The key issue for businesses today is surviving long enough to make it through the recession. In my days as an executive with a Fortune 400 company and global bankcard, we had entire departments monitoring the economy. Here’s my take.
As far as I can tell, the economy isn’t recovering, moneyed people are frantically looking for safe places to park their wealth and the next batch of business failures will come from long-established, solid and successful companies.
Ten years ago, national debt was less than $6 trillion. Three years ago, it was less than $10 trillion. Now it’s nearly $15 trillion and growing rapidly. All that spending hasn’t stimulated the economy. And now that the federal government has stopped spending like drunken sailors, what will happen?
We still haven’t found the bottom of the housing market. Until housing turns around, a recovery is simply not possible. As housing goes, so goes our economy. Think of all the businesses affected by the housing market: real estate agents, mortgage brokers, lumber yards and title insurers, to name a few. That’s a big chunk of the economy sitting on the sidelines to be talking about recovery.
Bonds and dollars are in trouble. The big bond traders have begun shorting bonds. China, Japan and other holders are liquidating.
The administration refuses to cut budgeted spending.
According to Shadowstats, real inflation is at 10 percent, real unemployment is at 15 percent and the misery index is at 20 percent. Shadowstats uses traditional calculations the government used before it changed them in the early 1990s so people wouldn’t get depressed.
I’m not expecting that we’ll fall off a cliff and start eating our shoes. But at some point, I expect we’ll default on bonds. It nearly happened a couple weeks ago, but they reneged on government pensions for the necessary funds. When default occurs, it will likely be the end of living off other people’s money and the government standard of living will drop $1.5 trillion overnight.
Moneyed people are frantically looking for what might no longer exist —safe places to park wealth. The safe haven of choice is gold, but gold carries unique dangers. Forbes recently predicted the government will return to a gold standard within two years to solve a host of domestic financial woes. If that happens, gold value will be set by law and that will be that. Fortunes will be lost. People will jump out of tall buildings.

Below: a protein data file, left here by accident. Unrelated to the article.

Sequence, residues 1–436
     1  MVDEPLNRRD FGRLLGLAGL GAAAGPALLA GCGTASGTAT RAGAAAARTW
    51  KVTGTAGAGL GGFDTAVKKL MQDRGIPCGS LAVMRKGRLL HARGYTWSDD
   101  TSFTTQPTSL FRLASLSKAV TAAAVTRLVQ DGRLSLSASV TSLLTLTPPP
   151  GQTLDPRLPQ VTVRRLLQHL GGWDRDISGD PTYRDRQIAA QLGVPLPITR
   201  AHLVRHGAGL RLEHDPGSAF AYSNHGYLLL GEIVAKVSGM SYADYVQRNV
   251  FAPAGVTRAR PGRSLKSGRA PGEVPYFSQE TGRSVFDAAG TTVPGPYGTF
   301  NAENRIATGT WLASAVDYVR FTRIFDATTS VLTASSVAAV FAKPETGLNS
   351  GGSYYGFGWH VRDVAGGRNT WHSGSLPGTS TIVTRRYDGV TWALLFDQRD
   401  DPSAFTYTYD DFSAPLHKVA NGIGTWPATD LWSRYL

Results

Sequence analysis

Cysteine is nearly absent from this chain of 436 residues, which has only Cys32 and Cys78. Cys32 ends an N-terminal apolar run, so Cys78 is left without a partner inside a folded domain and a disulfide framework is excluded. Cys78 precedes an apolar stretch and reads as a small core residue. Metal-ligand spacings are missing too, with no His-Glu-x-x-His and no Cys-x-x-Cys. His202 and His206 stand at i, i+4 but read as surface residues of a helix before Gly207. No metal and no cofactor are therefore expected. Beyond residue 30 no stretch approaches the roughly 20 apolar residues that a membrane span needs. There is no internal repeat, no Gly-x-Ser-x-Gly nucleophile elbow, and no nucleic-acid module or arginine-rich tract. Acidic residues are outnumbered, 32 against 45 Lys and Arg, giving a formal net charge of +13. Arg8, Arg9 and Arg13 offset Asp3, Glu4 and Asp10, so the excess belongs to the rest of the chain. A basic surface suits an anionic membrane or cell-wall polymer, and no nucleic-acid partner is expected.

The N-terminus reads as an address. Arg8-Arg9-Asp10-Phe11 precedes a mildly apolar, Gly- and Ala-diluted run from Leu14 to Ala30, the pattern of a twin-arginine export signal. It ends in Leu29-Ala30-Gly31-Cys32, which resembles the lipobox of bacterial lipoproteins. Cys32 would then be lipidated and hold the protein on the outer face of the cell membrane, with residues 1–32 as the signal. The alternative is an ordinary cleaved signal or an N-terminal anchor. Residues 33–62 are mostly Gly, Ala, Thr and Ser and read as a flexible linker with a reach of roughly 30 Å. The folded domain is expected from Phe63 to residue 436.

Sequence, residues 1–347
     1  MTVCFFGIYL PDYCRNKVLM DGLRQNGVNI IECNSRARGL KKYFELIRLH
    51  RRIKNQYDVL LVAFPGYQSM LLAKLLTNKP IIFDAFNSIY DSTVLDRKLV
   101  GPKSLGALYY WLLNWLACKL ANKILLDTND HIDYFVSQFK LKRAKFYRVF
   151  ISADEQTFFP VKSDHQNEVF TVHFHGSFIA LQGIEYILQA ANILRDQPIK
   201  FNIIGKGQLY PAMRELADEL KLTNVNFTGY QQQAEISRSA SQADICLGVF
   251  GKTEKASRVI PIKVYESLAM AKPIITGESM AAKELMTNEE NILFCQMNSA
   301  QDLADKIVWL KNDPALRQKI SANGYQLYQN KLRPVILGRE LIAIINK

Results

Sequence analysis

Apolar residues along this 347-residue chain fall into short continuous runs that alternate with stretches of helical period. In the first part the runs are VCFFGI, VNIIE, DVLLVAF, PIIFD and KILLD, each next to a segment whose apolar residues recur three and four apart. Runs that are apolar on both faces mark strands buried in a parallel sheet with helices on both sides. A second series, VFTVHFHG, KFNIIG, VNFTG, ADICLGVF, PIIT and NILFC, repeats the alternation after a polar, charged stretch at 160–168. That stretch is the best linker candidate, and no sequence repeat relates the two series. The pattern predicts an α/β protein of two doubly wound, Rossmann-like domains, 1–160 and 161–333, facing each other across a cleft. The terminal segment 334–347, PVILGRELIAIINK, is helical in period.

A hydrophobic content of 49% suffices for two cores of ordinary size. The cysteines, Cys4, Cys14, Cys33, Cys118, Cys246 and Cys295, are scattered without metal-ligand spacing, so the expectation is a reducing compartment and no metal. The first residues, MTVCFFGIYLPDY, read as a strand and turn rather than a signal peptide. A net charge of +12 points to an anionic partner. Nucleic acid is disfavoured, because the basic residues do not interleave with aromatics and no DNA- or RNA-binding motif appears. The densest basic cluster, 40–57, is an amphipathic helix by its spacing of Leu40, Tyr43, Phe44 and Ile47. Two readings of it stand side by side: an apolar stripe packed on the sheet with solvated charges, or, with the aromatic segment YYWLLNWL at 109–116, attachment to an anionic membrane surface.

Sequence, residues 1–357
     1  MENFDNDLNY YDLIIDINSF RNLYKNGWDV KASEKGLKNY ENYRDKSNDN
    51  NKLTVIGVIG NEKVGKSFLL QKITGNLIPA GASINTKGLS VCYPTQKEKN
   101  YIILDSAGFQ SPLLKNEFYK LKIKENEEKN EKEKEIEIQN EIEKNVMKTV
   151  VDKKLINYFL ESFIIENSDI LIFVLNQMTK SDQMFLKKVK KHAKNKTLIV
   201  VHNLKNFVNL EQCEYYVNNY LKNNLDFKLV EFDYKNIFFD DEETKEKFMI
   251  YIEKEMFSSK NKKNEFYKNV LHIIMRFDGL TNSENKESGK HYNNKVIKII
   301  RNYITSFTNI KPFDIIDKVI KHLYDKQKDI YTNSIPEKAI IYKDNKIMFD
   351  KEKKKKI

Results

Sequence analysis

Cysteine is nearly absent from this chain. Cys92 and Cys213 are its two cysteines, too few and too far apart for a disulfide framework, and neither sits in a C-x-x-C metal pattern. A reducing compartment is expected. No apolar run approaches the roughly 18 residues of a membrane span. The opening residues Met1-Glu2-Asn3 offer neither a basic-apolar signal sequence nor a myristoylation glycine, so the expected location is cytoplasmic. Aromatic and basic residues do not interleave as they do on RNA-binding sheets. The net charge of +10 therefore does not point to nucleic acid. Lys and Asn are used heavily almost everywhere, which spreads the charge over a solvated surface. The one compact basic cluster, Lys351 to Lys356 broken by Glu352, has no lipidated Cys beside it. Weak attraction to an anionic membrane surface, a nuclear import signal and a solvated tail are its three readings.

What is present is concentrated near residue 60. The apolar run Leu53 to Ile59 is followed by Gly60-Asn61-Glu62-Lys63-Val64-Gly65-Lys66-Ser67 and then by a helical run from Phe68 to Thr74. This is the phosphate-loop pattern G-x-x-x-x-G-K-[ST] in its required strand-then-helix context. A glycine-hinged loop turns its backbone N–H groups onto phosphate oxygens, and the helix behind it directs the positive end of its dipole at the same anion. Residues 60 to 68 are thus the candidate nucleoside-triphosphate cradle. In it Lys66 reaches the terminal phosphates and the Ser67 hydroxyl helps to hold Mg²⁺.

But what interests me most is the dizzying heights to which some stock prices are being driven. Consider three companies. LinkedIn just went public. Right now its stocks are trading at 4.5 million times earnings. To put that number in perspective, Christ walked the earth a mere 2,000 years ago, but it will take 4 million years before LinkedIn will return your investment. Salesforce is trading at 435 times earnings. Netflix is trading at 72 times earnings. They’re all overvalued. Apple’s 15 times earnings, Microsoft’s 10 times earnings and Google’s 20 times earnings are more reasonable. When overpriced stocks start falling, you can make a fortune selling them short. But where will you park your money?
What does all this mean for business?
Businesses that were on the edge are already gone. Right now we’re beginning to see solid businesses that went into the recession in good shape depleting their working capital and worrying about their futures.
My first tip is this. To survive the recession, manage analytically using your financial statements. If you can survive, the secret is probably hidden in your financial statements. All you have to do is find it, monitor it and react. But my research tells me few business owners and managers can read their financial statements. The key trends and relationships that could turn their business around are hidden to them.
My second tip is this. Convert key financial data to visually appealing graphics. Every client I’ve tested this on prefers graphics to traditional financial statements. One franchised Realtor is far from analytical, but using graphics he’s adjusted to the trends and is still making significant profits.
Accenture and the other big consulting firms are pushing analytics for a reason. This is no time to argue with success.